And while we're at it, favourite bands?
In no particular order: The National, Sufjan Stevens, Sigur Rós, Interpol, Modest Mouse, Emmy the Great, Joanna Newsom, The Mountain Goats, Neutral Milk Hotel, Arcade Fire, Antony & the Johnsons, Belle & Sebastian, Björk, Wilco, Broken Social Scene, Nick Cave,The Cure, The Smiths, Radiohead, The Smashing Pumpkins, Pearl Jam, Tori Amos, Allo' Darlin, Red House Painters and Sun Kil Moon, Iron & Wine, Jeff Buckley, Kings of Convenience, Amanda Palmer and The Dresden Dolls, Leonard Cohen, Nico, Bob Dylan, Simon & Garfunkel, Frightened Rabbit, Mogwai, Sparklehorse, Owen Pallet, Vampire Weekend, Okkervil River, The New Pornographers, The Magnetic Fields, The Shins, Elliott Smith, Regina Spektor, Bonnie 'Prince' Billy, Patrick Wolf, Fanfarlo, Jeremy Warmsley, Laura Marling, Neko Case, The Twilight Sad... and so on.

Do you ever write negative reviews?
Here's a question I've actually been asked. Yes, I do. Here's one, and another, and another, and yet another. The thing is, I have pretty good reading instincts, and I'd much rather be reading and writing about books I like than books I dislike, so I tend to avoid books I have strong reasons to suspect I'll dislike. Whether this is a good strategy is up for debate. Blogging and participating in reading challenges have made me become more adventurous, which has resulted in some very pleasant discoveries as well as some not so pleasant but nevertheless illuminating ones.

What you won't catch me doing is saying things like "this book is a total waste of time" or "I wouldn't recommend this to anyone". I wouldn't say that about even Paulo Coelho, tempting though it may be. I'm very much aware of the fact that a book I can't stand could be life-changing for another reader, and I think that to refuse to acknowledge this (or worse, to dismiss and smirk superiorly at fans of a given book you happen to despise) is a sure sign of arrogance and insufferable snobbery, and nothing puts me off as much as that. So if you do catch me saying that, or any other snobbish, dismissive things, please, by all means, call me out for it. I mean it. Or be very, very afraid, because it might be a sign that I was kidnapped and replaced by an Evil Clone. They might be coming for you next.

Why do you link to other reviews at the end of your posts?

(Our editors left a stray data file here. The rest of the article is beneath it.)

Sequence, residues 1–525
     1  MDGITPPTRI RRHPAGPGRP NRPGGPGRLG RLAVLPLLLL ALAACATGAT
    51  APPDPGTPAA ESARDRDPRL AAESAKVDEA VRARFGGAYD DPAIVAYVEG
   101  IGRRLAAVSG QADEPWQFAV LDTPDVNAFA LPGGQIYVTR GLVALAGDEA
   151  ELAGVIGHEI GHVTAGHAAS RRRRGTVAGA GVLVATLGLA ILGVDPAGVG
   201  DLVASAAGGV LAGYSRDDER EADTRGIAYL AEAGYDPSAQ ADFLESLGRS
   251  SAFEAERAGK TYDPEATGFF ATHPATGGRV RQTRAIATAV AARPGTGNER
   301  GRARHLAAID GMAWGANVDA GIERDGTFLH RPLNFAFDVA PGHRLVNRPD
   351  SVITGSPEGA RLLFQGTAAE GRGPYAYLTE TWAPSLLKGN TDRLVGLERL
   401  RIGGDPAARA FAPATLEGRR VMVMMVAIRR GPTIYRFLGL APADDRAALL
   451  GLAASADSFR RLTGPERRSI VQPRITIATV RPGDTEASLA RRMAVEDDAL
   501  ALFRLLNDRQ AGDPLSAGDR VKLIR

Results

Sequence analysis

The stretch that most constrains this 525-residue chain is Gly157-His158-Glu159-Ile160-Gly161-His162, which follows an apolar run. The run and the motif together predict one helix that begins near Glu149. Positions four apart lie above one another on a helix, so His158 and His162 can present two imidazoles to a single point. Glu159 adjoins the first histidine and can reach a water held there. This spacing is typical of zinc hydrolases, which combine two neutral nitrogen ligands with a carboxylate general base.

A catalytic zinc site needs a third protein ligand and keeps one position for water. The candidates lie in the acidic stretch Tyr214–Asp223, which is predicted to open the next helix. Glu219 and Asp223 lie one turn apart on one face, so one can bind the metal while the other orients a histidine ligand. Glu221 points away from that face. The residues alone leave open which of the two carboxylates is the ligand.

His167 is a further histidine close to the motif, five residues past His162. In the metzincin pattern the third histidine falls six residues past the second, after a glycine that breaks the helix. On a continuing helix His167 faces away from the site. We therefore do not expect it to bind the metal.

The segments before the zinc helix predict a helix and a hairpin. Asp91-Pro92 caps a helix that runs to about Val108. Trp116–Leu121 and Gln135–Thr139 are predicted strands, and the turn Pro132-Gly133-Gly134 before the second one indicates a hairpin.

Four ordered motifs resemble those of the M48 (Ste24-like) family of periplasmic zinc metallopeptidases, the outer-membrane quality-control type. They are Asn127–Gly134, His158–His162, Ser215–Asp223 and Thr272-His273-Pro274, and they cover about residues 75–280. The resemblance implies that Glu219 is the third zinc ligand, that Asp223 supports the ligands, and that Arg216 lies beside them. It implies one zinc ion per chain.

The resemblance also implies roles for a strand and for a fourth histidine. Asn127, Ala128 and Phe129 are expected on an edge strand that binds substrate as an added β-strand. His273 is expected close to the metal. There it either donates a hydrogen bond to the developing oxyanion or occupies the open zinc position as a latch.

The conceptual answer is that I like the fact that it contextualises what I've just written as one reading among many, which is what I believe all reviews to be, even professional ones. There have been countless discussions all over the blogosphere - and outside of it, I'm sure - about what constitutes legitimate intellectual authority and whether or not All Readings Are Created Equal. I don't mean to repeat them here, so I'll just say that I don't want to set up my own writing as the end-all and be-all of book blogging, and that I'm perfectly happy to link to another review even if I disagree with every single word of it.

The more practical answer is that it's useful - it's useful for bloggers to have relevant sites link to them, and it's useful for readers who might have stumbled upon a single review on Google but have no idea of what else is out there. I don't do the snippets from other reviews thing because I believe that context is important, and also because I want readers to click over, read a full review, and possibly discover a new blog that they love. I know that the belief that nobody ever does this and therefore links are useless is pretty widespread, but I've actually had readers thank me for introducing them to new blogs in this way.

Will you link to my review even if I'm a brand new blogger with zero readers?
Sure. Being new doesn't make your thoughts any less legitimate in my eyes. And the same goes for if you're not exclusively or even mostly a book blogger.

Who's the author of the image you use as your header?
Arthur Rackham. It's a detail of this painting. (And yes, it's in the public domain.)

What's this blog about again?
This should give you an idea: a Wordle of my blog, as of March 22nd 2009:


Commercial Affiliations:
I am a member of The Book Depository's Affiliates program, which means that if you click over to their site from my blog and buy a book (any book; not just a book I reviewed), I'll get 5%. I joined because I was a poor recent graduate with a book addiction to support. I don't expect it to make me much money at all, but every bit helps, right? I'm telling you this for the sake of full disclosure; it does not in any way affect what I write here.

Anything else?
things mean a lot attempts to be a feminist and inclusive blog. I promise I won't get defensive if I'm ever called out for failing at the above, though I do of course realise that it's not anybody's responsibility but my own to educate me or help me become more aware. Also, I have been wrong in the past and will surely be wrong again in the future. But I do try my best to listen and learn.

One last thing: I'm not a native English speaker, so apologies in advance for the mistakes you'll no doubt find. I try!

Last updated: October 2012

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Thank you so much for taking the time to comment - interaction is one of my favourite things about blogging and a huge part of what keeps me going.